Jul 12, 2008

Consume or Be Consumed

I'd been hearing about this apology from Willow Creek Church concerning the way they've not only been evolving the way they do ministry in their own church but also have been heavily influencing almost every evangelical church in America for the past thirty years.  Ravi Zacharias noted it when I heard him speak and my pastor, Spencer Haygood also mentioned it recently.  This prompted me to look up exactly what Willow Creek was apologizing for.

I can't say how much I respect an honestly humble apology, especially from those with enough power to manipulate their way around one.  This confession seems to point to hearts seeking the Lord combined with brains which had only been seeking to market.  And marketing, Ladies and Gents, is exactly what this church model has been hinged on.  According to this blog the words "What is our business?  Who is our customer?  What does the customer consider value?" hung on a poster outside the door of senior Pastor, Bill Hybels.  

Questions about why American Evangelicals are such consumers?  


What they found in this extensive study was that they had made a lot of "Christians" but very few disciples.  According to the same website above, Hybels said

"...We should have started telling people and teaching people that they have to take responsibility to become 'self feeders.'  We should have gotten people, taught people, how to read their bible between service, how to do the spiritual practices much more aggressively on their own."

I have to wonder then, what were they doing?  How does a church, for thirty years, neglect this aspect of ministry without question?  How do thousands of churches decide it's a great idea to follow this model?  How do millions of Christians not realize that the sand we're sinking in is incredibly shallow, yet somehow we are neck deep and it's all we can do to catch a few more short breaths?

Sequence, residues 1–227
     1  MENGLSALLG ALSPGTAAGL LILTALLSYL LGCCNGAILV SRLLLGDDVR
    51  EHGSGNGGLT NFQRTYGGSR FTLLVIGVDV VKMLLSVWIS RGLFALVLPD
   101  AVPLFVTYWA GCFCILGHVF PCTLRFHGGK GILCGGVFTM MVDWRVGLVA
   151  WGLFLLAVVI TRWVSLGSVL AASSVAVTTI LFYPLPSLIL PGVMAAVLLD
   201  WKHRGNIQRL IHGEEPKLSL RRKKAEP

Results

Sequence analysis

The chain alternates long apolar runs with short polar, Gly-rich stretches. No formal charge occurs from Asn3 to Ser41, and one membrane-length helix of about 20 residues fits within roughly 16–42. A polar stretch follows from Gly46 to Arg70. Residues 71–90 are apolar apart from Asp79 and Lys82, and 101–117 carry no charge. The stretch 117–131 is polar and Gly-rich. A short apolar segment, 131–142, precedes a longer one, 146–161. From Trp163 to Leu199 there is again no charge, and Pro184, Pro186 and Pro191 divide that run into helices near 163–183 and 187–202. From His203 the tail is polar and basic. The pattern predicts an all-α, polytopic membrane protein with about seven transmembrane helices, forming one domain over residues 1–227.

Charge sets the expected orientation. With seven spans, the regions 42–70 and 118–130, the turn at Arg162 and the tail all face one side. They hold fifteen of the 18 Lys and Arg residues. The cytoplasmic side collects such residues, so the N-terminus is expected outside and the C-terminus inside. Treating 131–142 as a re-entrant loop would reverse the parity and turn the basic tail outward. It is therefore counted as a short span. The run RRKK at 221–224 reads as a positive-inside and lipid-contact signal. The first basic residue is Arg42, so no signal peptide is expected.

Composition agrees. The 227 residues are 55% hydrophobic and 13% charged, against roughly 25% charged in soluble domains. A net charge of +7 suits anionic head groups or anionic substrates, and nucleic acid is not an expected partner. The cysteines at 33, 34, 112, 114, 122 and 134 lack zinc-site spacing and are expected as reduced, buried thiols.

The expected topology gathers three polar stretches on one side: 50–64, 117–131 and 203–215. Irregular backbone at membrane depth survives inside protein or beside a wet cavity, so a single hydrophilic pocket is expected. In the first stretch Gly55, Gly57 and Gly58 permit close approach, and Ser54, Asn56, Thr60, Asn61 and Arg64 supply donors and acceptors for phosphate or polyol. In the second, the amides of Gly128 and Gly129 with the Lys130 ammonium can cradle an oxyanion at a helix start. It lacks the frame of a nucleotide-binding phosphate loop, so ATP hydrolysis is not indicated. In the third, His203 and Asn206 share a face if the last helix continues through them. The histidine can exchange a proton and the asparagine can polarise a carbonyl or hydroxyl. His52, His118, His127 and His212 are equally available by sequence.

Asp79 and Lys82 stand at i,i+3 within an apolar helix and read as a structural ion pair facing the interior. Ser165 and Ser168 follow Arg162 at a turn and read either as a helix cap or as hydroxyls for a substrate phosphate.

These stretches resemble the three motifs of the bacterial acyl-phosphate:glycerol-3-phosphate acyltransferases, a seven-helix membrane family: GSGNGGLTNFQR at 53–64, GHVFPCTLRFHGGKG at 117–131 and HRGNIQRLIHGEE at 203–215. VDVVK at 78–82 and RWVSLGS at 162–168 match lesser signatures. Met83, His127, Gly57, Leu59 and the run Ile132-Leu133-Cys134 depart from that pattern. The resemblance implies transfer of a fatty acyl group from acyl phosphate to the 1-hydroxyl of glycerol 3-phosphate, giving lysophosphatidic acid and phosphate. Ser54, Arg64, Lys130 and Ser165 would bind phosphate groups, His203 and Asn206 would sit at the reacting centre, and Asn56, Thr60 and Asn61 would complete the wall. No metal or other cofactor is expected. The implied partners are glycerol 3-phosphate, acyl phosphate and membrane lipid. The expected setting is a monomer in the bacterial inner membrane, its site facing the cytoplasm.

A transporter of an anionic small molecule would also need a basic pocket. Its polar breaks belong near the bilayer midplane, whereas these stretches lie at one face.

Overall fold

The culture, at every turn, appeals to our most base consumerist instinct.  Likewise, the church asks no more of us but to Take, to Buy Into, to Drink the Kool-Aid.  "Come on and take a free ride," as one church sings.  What a sad, sad state it has left us in.

For a year I worked for a church based on this model.  Huge.  Three campuses around the city.  Giant NASA technology screens.  Light shows.  Parking Decks.  Give-aways at church.  Nice give-aways.  Like i-pods and airplane tickets.  Lots of people with lots of brand name clothing.  Lots of children that needed spanking.  Lots of genuinely nice people.  People with "good hearts".  Still, those I was able to talk to one on one would tell me point blank "there's no where I can go to really study the Bible".  All their programs.  All their technology.  All their terms for the way to really "do" church.  "There are small groups," one woman told me, "but the leaders have had nowhere to learn the Bible themselves, so how can they teach it to us?" 

Hopefully the trickle of the results to this study will not take long to be heard by those influenced severely by the former Willow Creek the-way-to-do-church-model.  Here's what Willow Creek executive pastor Greg Hawkins has to say about the future:

"Our dream is that we fundamentally change the way we do church.  That we take out a clean sheet of paper and we rethink all of our old assumptions.  Replace it with new insights.  Insights that are informed by research and rooted in Scripture.  Our dream is really to discover what God is doing and how he's asking us to transform this planet."

Let's just hope that this time around, the research is based more on Scripture and influenced by great theologians rather than the marketing techniques of Coca-Cola.

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